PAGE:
This is, of course, the long running debate of any MMO game: hardcores vs casuals. The hardcore players want mechanics that reward the long slog, things that take time to achieve and put them on a pedestal above those who don’t spend as much time in the game as they do. Casuals on the other hand want to experience everything the game has to offer in a much reduced timeframe. This war is, typically, won by the casuals as they usually make up the majority of a game’s player base. As I’ve grown older and I find myself with less and less time to put into games like this my consumption of these titles has shifted and those that provide mechanics to cater to my more casual-like habits get rewarded with my hard earned dollars. That’s the only reason I still play World of Warcraft from time to time as I know that I can see all the game has to offer without signing my life away. Of course I’m not every player, but I think I’m closer to the average than most hardcore players would like to think.
I mention all of this because it seems that the Destiny community at the moment is at something of a crossroads. Previous expansions typically had a decent honeymoon period where everyone would sing its praises for about 2 weeks. Then slowly the issues would start to emerge and maybe a month or so later there’d be the usual bitching about there being no content or nothing for them to do. Right now we’re just over 3 months into Destiny 2’s live and with the first expansion under its belt we’re already seeing those complaints and Bungie has even cancelled livestreams in order to address them. Regardless of the outcome of the changes the decisions Bungie makes today will set the direction of what the game is to become over the next few years; whether it follows World of Warcraft or becomes a hardcore nice like EVE: Online.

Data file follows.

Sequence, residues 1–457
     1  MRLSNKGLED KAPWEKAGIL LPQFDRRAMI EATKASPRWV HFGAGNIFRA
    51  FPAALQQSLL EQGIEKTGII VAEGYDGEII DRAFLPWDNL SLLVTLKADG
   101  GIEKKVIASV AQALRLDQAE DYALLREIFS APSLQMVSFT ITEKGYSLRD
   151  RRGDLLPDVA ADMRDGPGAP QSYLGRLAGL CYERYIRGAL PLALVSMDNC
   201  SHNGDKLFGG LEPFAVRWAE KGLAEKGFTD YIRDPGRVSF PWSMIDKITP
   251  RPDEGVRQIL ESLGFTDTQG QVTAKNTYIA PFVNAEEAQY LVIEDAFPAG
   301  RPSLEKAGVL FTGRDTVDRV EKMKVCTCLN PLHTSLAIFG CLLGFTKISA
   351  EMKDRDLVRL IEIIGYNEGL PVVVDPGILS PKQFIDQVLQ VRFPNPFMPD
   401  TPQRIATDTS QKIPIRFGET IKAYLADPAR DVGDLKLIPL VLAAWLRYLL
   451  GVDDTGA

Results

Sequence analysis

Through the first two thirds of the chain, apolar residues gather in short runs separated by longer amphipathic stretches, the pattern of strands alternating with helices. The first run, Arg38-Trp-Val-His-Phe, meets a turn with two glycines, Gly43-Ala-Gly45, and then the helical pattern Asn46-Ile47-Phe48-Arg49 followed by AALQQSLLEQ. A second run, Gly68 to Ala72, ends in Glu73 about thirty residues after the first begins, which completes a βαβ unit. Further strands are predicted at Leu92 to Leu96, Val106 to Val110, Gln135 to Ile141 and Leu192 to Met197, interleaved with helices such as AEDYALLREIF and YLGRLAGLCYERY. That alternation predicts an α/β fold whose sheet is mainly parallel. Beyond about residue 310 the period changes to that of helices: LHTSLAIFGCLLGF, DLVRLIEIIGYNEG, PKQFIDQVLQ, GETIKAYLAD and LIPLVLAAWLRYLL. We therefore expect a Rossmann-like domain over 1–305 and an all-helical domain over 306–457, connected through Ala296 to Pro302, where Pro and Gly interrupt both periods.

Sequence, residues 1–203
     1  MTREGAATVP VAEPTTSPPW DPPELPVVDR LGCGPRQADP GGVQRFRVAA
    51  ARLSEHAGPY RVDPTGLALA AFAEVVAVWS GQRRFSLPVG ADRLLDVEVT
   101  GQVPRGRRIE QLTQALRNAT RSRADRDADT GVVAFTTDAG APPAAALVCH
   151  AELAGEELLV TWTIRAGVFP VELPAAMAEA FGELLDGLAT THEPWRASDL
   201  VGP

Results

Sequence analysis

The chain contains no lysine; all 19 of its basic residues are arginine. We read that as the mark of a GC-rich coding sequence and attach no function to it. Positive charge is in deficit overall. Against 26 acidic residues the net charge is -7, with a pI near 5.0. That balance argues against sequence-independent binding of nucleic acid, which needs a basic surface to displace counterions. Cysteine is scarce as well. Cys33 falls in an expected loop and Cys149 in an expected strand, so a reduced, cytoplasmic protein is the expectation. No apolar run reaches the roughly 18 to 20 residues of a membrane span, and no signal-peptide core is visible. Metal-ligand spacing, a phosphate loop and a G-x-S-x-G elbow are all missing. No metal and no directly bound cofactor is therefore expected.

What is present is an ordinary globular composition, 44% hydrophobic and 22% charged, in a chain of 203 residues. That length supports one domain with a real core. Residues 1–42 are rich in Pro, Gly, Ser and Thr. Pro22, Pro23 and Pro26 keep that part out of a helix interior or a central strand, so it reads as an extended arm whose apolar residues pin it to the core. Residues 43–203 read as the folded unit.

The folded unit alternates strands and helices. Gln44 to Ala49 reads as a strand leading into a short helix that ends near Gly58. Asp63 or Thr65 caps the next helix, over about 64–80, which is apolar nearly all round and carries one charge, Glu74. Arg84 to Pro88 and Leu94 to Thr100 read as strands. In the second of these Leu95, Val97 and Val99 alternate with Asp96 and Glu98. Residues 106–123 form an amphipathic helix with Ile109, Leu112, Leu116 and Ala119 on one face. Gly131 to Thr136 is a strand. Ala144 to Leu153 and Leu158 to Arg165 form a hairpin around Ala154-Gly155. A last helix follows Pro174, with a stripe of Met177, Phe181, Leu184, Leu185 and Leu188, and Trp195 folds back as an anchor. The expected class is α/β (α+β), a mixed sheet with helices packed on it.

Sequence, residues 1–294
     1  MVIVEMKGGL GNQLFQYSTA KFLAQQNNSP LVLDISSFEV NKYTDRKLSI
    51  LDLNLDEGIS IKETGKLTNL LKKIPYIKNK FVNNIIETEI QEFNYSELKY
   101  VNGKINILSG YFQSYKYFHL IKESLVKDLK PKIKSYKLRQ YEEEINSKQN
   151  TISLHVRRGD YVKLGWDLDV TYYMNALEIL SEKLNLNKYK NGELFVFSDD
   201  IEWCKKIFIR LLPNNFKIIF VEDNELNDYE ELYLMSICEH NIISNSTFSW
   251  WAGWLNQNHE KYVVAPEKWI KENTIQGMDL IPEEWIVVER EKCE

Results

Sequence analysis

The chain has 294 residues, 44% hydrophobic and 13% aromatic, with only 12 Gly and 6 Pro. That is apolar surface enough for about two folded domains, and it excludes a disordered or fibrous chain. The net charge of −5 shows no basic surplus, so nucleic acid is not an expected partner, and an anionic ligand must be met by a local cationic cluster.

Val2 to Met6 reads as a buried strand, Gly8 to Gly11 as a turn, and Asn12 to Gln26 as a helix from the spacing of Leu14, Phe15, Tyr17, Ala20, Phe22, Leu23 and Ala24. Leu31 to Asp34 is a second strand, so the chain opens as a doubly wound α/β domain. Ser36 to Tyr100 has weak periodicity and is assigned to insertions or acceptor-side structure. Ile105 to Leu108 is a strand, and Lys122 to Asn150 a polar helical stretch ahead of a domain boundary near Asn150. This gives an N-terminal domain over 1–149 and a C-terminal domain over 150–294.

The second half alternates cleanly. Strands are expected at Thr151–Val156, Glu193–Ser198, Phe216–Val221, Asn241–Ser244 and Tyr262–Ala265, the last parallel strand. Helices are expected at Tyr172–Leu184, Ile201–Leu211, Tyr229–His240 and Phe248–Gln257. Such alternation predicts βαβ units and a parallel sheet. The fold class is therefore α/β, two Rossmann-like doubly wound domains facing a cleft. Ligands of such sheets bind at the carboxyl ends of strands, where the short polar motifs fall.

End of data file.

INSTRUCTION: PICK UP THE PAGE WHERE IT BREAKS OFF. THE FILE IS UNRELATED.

Despite all this however Destiny 2: Curse of Osiris is a fantastic, if a little short, expansion to the Destiny 2 universe. For players like myself it dropped a just the right time, hooking me right back in when I was getting ready to jump out. Fleshing out the world’s backstory through a solid campaign has always been one of my favourite parts of Destiny and this expansion delivers that well. The new progression mechanics are interesting if a little grindy for my tastes. The new raid layer brings with it some of the more interesting and unique encounters we’ve seen to date and, hopefully, that trend continues with further expansions. Overall whilst it might not be worth $20 just on its own as part of the collector’s edition or as a season pass Curse of Osiris certainly provides some good content at a reasonable price point.
Destiny 2: Curse of Osiris is available right now on PC, PlayStation 4 and Xbox one right now for $19.99. Total time spent in Destiny 2 now totals 59 hours, approximately 8 hours spent in Curse of Osiris.
The Wolfenstein series’ soft reboot with The New Order back in 2014 was a gamble for then nascent developer MachineGames. The previous instalment in the franchise hadn’t performed well and many were left wondering if it would have a future at all. However they managed to release a game that was good in its own right, keeping the core old-school FPS feel and integrating it with modern-day improvements. The Old Blood was seen as a small stumble by most, the stand-alone prequel story not bringing enough to the table and being released barely a year after its predecessor. Suffice to say feelings were mixed around the announcement of The New Colossus as history showed that this game could potentially be a return to form or a continuation of its slow downwards trajectory.
For this writer, I’m glad to say, The New Colossus signals a big step forward for the franchise.
SPOILERS FOR PREVIOUS WOLFENSTEIN GAMES BELOW